The Longhouse coming to Lancaster is an attempt to repair past misdeeds. This sketch was done by Pat Kline

Attempting to Repair the Past: An American Indian Longhouse Exhibit Coming to Amish Country

Tish Leizens
4/29/12

Tourists have long known Pennsylvania’s Lancaster County as Amish Country, but what was life like before the horse-and-buggy rides?

The answer will come this fall in the form of a permanent outdoor exhibit that will showcase the history and culture of American Indians and their influence on Central Pennsylvania during the colonial period.

“It is important to tell the story of Native Americans prior to the Herr family settling here,” said Becky Gochnauer, director of the 1719 Hans Herr House & Museum. Hans Herr, a Mennonite, was a high-ranking religious leader who came to settle south of Lancaster in the 1700s.

The Museum, the Lancaster Mennonite Historical Society, the Circle Legacy Center and members of the local Native American community are collaborating to construct a replica of a Native American Longhouse—a large multi-family home made of logs, saplings and tree bark— that when completed is said to be one of the only interactive outdoor exhibits of Native life in the state and one of only a few similar buildings in the country.

The Longhouse Project is a big step in repairing relations between American Indians and early European settlers, and follows the honor and healing event held in October 2010 when church leaders and government officials apologized for the misunderstandings and abuse of American Indians three centuries ago.

Gochnauer said the construction of the projected $350,000 Longhouse structure is about to begin. “The big thing is the public kick off on April 28. We will be stripping the bark off of the saplings just like the Native People did centuries ago. We need 100 volunteers to strip the bark.”

Gochnauer said the ground breaking of The Longhouse Project on the grounds of the Museum is slated for May 5, and by fall its door will be open to welcome visitors to demonstrations, exhibits, curricula and tours.

The Longhouse is 20 ft high, 20 ft wide and 62 ft long. Gochnauer said the structure is based on historical and archeological research into Eastern Woodland Construction of the late 17th century.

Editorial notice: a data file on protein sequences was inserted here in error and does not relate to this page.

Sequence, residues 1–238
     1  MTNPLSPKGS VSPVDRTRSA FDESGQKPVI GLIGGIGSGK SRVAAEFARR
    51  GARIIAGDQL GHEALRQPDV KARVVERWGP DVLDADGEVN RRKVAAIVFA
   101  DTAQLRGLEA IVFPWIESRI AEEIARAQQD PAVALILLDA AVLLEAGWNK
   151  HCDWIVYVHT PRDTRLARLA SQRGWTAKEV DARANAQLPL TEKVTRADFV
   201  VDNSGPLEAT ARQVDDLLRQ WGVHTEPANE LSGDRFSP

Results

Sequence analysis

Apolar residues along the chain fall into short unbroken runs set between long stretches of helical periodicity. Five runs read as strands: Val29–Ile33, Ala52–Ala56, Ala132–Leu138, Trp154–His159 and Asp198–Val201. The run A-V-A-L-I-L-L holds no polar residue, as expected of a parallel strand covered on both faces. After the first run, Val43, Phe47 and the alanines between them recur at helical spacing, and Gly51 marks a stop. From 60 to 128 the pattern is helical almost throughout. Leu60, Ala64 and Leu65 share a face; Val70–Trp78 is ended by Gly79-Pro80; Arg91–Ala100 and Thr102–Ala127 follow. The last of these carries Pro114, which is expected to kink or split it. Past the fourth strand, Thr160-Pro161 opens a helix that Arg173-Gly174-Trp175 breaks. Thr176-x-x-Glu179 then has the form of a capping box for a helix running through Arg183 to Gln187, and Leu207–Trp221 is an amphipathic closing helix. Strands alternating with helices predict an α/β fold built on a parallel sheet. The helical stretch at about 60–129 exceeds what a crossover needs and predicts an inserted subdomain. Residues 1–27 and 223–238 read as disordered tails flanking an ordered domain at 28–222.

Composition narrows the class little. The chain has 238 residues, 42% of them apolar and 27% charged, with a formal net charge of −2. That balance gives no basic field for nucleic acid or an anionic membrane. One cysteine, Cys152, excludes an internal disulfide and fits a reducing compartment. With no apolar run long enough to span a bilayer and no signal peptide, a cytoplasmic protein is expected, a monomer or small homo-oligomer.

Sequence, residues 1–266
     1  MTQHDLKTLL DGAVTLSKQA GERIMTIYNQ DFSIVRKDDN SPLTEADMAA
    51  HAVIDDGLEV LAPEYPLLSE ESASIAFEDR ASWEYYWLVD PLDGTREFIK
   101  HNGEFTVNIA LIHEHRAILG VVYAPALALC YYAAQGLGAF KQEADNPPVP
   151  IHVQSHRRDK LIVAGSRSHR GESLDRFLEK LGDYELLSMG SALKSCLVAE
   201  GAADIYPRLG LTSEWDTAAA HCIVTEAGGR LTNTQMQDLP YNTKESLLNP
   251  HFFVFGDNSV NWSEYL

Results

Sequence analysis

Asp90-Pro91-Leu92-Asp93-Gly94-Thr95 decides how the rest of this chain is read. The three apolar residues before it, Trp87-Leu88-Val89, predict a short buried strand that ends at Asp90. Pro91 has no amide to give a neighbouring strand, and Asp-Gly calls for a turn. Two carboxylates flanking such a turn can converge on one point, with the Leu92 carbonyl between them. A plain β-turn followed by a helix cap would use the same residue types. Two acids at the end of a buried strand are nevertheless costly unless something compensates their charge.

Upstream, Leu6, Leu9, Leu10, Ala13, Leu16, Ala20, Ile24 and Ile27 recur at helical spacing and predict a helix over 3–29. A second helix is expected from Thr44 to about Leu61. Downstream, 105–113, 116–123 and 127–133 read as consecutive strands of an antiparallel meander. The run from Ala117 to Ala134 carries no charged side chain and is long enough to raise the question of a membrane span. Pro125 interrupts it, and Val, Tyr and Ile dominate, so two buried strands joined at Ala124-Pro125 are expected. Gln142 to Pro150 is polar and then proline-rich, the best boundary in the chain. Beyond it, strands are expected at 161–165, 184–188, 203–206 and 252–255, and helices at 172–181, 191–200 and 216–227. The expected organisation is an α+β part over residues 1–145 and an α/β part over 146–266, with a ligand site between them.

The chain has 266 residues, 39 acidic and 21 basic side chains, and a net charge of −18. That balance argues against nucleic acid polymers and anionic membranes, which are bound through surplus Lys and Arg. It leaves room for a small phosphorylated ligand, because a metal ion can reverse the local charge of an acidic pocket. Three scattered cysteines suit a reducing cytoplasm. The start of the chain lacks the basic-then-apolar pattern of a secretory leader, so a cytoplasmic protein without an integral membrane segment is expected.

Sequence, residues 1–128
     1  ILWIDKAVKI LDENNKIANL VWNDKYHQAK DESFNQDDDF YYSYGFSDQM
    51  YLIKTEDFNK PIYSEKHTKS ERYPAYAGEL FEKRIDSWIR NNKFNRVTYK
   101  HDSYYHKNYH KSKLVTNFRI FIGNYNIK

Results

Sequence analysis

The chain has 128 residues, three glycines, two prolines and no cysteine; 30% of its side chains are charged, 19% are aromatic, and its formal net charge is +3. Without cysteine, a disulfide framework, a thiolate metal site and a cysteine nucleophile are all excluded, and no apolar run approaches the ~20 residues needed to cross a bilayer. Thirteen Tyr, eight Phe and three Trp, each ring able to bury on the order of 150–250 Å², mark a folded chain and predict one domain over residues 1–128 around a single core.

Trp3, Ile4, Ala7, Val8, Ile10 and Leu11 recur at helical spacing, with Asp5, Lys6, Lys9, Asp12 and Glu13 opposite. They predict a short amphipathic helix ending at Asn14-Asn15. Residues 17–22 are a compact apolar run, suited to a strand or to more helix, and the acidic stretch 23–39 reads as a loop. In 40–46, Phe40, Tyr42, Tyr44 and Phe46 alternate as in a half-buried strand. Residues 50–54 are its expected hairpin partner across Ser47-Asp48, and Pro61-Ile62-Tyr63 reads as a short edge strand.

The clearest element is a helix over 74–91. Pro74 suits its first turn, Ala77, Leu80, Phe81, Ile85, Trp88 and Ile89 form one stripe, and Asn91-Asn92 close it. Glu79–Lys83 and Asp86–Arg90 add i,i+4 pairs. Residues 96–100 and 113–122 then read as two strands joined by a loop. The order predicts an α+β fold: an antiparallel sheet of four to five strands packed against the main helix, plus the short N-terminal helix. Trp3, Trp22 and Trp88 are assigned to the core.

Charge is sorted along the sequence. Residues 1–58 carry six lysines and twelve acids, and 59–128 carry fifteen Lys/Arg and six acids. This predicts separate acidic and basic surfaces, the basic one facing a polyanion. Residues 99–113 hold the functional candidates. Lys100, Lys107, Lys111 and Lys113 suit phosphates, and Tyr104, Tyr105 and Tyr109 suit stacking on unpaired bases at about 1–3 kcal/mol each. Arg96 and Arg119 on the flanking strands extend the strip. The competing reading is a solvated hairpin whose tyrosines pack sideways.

It will tell the story of south-central Pennsylvania from the time American Indians lived in Lancaster in 1570 to the time the population disappeared in 1770.  Pennsylvania is one of a few states with no official recognized tribes and no tribal reserve.

“Our goal here is we want to tell an honest and accurate story of what happened—the good and the bad,” said Gochnauer.

“We mourn for the acts done by our sisters and brothers in faith,” Presbyterian moderator Rev. Jane DeFord said in a press statement issued at the honor and healing event. “We ask that our native brothers and sisters forgive the wrongs done to them.”

The leaders recounted the friction between the Indians such as the infamous massacres of Conestoga Indians in Lancaster in 1763 and other offenses including encroaching on Native land, poaching game and imposing European cultural standards on Native Groups.

“The stories that we’ve heard this morning are very disturbing,” said Mitchell Bush of the Onondaga/Iroquois Confederacy in response to the apologies, “but let me tell you something about the Onondagas—we’re not raised to hate.”

Other than the Onondaga/Iroquois Confederacy, the Delaware/Lenape, Nanticoke, Shawnee, Susquehannock, Mohawk and Dakota/Lakota tribes in Montana represented the American Indians at the event.

Among the volunteers to The Longhouse Project is Uhma Ruth Py, who is part Lenape from her mother and father and who moved to Lancaster from Bucks County 20 years ago. Py said she is on the committee to furnish the Longhouse and has been involved in the project since the honor and healing.

“Native Culture is something I pursued all my life. From the time I was little I always thought that knowledge was meant to be shared, not kept to oneself,” she said, adding that she has been speaking to school groups and teaching the Native American culture.

Py, married to a Navy man and whose family has been assimilated with white culture, said that The Longhouse Project is significant to her. In all her travels she said this is the first time the two cultures have come together.

“We need to teach our children about how things are related back then and how they are related today,” she said.

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